To delineate deficits in language processing after closed head injury with use of behavioral measures and event-related brain potentials.
Case-control design. All subjects participated in three verbal event-related brain potential experiments, and the resulting measures were compared both within and between groups.
Eleven patients at least 2 years after severe closed head injury (Glasgow Coma Scale score <8 at admission and duration of posttraumatic amnesia >48 hours) were compared with a control group matched for age and educational level.
Main Outcome Measures:
Reaction times and percentage correct as behavioral measures in the three experiments (sentence verification, semantic and repetition priming with lexical decision task, and continuous word recognition). Event-related brain potentials were quantified by area measures in successive time windows for the different experimental conditions and for different experiments.
The reaction times of the patient group were significantly longer than those of the controls (P<.005). Similarly, the patients' accuracy was significantly worse in all experiments (P<.03). The event-related brain potentials of the controls showed a clear and significant reduction of a negative component (N400) to terminal words of true sentences (sentence verification experiment),semantically primedwords and repeated words (lexical decision experiment), and recognized words (continuous word recognition). For the patients, a clear N400 effect was seen only in the sentence verification task (delayed by about 100 milliseconds), while only later event-related brain potential modulations were seen in the other tasks.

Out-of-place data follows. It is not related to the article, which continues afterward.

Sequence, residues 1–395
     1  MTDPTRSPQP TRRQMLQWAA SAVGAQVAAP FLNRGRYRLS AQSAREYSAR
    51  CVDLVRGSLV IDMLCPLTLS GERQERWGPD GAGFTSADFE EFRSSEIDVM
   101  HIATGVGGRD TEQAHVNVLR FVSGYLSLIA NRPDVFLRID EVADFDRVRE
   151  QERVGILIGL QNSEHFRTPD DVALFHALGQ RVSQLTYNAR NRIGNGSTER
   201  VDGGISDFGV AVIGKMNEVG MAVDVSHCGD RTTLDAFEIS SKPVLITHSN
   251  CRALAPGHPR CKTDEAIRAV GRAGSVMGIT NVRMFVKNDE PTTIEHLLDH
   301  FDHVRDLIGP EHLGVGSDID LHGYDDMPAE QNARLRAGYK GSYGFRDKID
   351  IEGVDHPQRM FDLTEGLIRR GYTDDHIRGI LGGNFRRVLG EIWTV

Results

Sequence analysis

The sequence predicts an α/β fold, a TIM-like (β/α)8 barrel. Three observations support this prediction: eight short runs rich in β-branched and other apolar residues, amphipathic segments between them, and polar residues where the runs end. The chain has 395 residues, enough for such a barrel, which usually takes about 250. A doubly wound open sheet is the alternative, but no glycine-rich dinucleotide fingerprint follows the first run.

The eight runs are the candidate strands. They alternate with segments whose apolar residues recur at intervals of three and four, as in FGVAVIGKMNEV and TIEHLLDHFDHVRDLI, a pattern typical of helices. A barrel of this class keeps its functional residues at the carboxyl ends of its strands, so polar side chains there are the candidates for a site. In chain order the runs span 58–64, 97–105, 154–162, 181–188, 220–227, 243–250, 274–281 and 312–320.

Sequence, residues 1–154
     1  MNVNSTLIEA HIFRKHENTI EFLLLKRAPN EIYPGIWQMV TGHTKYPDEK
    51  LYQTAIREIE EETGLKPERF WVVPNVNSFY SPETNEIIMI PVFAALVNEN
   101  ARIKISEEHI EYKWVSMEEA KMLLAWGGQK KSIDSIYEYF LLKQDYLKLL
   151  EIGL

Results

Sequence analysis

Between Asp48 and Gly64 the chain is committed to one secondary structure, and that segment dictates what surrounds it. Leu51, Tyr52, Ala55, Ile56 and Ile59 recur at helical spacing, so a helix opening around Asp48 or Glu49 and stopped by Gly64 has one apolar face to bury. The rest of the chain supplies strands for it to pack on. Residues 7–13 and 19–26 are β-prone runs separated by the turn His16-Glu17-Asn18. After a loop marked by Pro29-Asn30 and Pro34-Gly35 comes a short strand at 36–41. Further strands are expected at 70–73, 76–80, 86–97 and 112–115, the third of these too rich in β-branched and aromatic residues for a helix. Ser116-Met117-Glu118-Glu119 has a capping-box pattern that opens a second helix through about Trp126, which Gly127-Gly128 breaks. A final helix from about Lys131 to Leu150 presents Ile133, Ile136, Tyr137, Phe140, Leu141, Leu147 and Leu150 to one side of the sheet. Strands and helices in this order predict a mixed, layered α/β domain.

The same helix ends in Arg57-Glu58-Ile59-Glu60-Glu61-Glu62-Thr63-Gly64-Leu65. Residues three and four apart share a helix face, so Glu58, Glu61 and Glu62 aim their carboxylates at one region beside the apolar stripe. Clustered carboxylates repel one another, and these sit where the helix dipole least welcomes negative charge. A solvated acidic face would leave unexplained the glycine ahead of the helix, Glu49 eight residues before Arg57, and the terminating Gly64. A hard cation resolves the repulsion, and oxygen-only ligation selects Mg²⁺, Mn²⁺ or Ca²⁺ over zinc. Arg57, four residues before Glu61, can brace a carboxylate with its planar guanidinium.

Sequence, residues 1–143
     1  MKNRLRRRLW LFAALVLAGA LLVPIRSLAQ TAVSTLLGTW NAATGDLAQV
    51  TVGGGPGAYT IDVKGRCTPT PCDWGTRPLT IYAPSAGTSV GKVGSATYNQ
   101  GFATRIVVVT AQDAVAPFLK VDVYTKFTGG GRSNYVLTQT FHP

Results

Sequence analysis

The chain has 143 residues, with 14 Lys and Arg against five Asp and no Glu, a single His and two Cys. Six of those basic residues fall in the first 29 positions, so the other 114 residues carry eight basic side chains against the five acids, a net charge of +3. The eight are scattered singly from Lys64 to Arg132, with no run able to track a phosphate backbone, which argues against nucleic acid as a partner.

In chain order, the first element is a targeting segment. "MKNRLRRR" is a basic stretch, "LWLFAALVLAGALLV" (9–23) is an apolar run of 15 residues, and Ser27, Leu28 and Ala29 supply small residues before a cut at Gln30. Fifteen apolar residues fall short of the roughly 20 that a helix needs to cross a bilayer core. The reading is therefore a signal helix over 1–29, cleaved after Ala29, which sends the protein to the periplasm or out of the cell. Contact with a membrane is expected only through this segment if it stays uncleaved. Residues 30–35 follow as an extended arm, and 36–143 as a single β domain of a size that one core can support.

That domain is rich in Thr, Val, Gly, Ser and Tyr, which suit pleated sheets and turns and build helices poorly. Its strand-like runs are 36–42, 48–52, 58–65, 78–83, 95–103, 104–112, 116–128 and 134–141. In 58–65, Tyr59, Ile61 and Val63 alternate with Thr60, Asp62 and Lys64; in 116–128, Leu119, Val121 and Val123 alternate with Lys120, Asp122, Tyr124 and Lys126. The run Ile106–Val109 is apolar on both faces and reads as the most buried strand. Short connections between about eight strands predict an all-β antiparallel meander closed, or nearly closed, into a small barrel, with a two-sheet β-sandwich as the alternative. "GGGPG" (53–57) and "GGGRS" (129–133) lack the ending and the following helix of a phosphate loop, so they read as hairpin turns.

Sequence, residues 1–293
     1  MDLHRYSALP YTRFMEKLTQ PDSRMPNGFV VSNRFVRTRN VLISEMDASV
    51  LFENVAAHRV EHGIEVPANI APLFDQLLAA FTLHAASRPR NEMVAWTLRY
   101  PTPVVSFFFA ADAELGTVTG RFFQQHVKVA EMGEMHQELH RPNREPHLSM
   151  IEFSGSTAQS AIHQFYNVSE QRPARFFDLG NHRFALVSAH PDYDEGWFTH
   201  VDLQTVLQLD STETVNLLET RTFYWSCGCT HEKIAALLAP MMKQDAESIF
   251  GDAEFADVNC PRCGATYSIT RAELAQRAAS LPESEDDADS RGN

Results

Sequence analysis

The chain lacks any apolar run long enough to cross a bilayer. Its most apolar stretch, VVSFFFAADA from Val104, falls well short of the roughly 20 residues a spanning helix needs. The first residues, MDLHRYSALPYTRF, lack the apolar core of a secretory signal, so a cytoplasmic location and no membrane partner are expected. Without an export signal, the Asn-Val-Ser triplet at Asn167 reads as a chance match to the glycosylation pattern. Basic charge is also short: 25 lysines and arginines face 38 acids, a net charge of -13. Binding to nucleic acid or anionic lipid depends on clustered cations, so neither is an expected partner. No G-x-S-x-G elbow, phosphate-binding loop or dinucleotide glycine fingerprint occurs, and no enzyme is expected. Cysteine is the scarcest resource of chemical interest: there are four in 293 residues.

Language functions are disturbed after closed head injury. The electrophysiologic data suggest difficulties in the integration of incoming linguistic stimuli with the previous context as a possible underlying cause.